Our Experts Pick Their Favourite Top 100 Course

Four Golf Monthly course experts select their favourite track from the 2023 UK & Ireland Top 100 Golf Courses list

Four golf courses in a montage
(Image credit: Future)

All of the courses in Golf Monthly's UK & Ireland Top 100 Golf Courses Ranking deliver high quality, memorable golf.

The rankings are decided on a wide range of criteria and based on the reviews of all our panellists so as to be as objective as possible. 

But personal preferences are often more subjective than that and everybody has their favourites, including the experts.

Here four of our senior panellists pick their favourite course in the top-100:

Jeremy Ellwood
Jeremy Ellwood

Royal Aberdeen Golf Club, Balgownie

Royal Aberdeen

The par-3 8th at Royal Aberdeen

(Image credit: Kevin Murray)

What’s the best golf course you’ve played? A seemingly simple question we’re asked more than any other on our golfing travels that is impossibly difficult to answer having been fortunate enough to play so many of our very best courses.

I typically narrow it down to three, and Royal Aberdeen, a few miles north of the Granite City, is always one of them. This surprises people a little as it’s not so well-known as our great Open Championship links, but I’d defy anyone to pick out a finer stretch of links golf anywhere than the front nine here - and I know I’m not alone in that regard.

After playing down towards the sea on the 1st, you turn left and play along shallow valleys between dunes via rumpled fairways and rolling greens. It is simply spellbinding, and a tough act for the back nine to follow… but it would be a tough act for anywhere to follow!

Rob Smith
Rob Smith

Royal Birkdale Golf Club

Royal Birkdale - Hole 1

The 1st at Royal Birkdale

(Image credit: Getty Images)

Selecting an individual favourite from a list of one hundred favourites is a super-tough call and my stock answer for many years has been a non-committal both courses at Sunningdale. That’s still my instinct for a day’s golf, but a return to Royal Birkdale last summer reminded me just how wonderful, varied, engaging and exciting it is.

I’ve checked the records and it has been the leading English course in every ranking produced by Golf Monthly since the first one in 2005-6. I can totally see why. If the wind was howling then it could be too tough for my mid-teen handicap, but on a sunny August afternoon I was blown away by its 18 different, compelling and beautiful challenges.

If I am playing a round and I simply don’t want it to end, then that to me is the mark of greatness. I could still be at Royal Birkdale now!

Michael Harris
Michael Harris

Wallasey Golf Club

Wallasey Golf Club from above


(Image credit: Wallasey Golf Club)

I’ve a great affinity with Wallasey, having played the course a number of times over the years. I played it when I was at university, I played on my stag do, I’m a member of Hoylake which is just down the road.

Wallasey has been so close to making it into the top-100 in the past and I, like many fans of links golf, am delighted that it has earned its place this time round. The course boasts some spectacular holes up in the dunes but was let down by weaker sections in years past.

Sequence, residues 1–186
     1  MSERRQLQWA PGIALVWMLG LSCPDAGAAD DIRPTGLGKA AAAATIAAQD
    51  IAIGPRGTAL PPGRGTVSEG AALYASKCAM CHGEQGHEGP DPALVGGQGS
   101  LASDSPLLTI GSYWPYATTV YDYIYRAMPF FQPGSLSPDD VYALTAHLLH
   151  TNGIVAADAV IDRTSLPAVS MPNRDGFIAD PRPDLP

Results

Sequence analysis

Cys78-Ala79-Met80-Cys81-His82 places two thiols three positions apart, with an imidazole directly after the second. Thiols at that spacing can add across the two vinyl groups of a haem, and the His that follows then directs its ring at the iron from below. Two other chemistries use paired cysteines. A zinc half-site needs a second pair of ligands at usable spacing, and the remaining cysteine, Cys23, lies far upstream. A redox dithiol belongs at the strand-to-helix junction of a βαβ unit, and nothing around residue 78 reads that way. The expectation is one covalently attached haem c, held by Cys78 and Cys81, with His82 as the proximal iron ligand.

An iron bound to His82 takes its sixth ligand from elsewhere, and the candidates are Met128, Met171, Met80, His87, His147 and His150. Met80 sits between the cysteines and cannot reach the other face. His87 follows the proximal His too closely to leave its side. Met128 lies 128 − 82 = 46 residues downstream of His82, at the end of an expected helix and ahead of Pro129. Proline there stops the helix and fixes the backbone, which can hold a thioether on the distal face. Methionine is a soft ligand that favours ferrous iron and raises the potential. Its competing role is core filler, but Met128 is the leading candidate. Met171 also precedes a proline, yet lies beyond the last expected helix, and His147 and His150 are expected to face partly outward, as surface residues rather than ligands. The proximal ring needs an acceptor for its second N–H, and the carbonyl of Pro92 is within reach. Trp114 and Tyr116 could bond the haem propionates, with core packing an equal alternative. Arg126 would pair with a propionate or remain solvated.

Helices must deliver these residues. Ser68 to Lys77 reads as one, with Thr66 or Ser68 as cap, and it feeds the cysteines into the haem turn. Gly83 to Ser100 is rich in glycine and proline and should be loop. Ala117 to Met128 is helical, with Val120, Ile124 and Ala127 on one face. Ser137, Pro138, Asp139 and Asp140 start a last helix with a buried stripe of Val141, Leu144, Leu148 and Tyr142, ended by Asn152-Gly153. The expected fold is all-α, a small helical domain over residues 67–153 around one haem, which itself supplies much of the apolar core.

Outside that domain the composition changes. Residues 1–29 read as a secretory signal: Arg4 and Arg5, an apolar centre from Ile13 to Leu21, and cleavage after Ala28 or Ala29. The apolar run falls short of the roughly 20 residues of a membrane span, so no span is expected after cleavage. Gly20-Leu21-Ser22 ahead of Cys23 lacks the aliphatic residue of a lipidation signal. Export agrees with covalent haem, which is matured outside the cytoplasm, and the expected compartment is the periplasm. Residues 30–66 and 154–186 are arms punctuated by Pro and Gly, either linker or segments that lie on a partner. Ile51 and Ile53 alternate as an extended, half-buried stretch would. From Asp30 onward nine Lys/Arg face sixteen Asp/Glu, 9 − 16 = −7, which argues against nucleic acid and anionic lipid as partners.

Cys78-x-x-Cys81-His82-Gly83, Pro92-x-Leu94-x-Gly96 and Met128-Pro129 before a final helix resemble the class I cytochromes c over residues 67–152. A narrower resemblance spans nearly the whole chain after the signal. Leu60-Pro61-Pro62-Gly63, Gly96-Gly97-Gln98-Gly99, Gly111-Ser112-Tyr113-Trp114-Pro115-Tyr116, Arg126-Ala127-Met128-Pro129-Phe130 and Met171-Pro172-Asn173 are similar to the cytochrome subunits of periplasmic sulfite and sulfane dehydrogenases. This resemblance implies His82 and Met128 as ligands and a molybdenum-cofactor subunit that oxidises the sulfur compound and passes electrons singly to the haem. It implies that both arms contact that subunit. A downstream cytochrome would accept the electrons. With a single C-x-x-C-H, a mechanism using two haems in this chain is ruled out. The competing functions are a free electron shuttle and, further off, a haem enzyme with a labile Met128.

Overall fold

However, under the guidance of their fabulous course manager John McLoughlin and with some visionary investment by the club, the offering has been significantly elevated over recent seasons and the course is now thoroughly deserving of its top-100 ranking.

Wallasey provides a great example of what a club can achieve with targeted investment and the right people at the helm. With that approach, Wallasey is only going to get better.

Fergus Bisset

Carnoustie's Championship course

The 13th at Carnoustie

(Image credit: Getty Images)

It’s so difficult to pick a favourite, but I’m quick to answer when the question is, “what is the best course you’ve ever played?” My answer is always Carnoustie. For that reason, I think I must also champion it as my favourite – it’s simply the best.

Carnoustie may not be in the most beautiful setting, it may not even have views of the sea, but the course itself is a joy to look upon as well as to play. The rolling terrain, the perfect bunkering, the meandering burns and ribbons of fairway, it’s a perfect golf course.

It’s no exaggeration to say there really are no weak holes and the pressure ebbs and flows beautifully as you make your way round towards that monumental and famously brutal finish. The surfaces are the best I ever play on and the challenge is such that I always want more.

Fergus Bisset
Contributing Editor

Fergus is Golf Monthly's resident expert on the history of the game and has written extensively on that subject. He is a golf obsessive and 1-handicapper. Growing up in the North East of Scotland, golf runs through his veins and his passion for the sport was bolstered during his time at St Andrews university studying history. He went on to earn a post graduate diploma from the London School of Journalism. Fergus has worked for Golf Monthly since 2004 and has written two books on the game; "Great Golf Debates" together with Jezz Ellwood of Golf Monthly and the history section of "The Ultimate Golf Book" together with Neil Tappin , also of Golf Monthly. 

Fergus once shanked a ball from just over Granny Clark's Wynd on the 18th of the Old Course that struck the St Andrews Golf Club and rebounded into the Valley of Sin, from where he saved par. Who says there's no golfing god?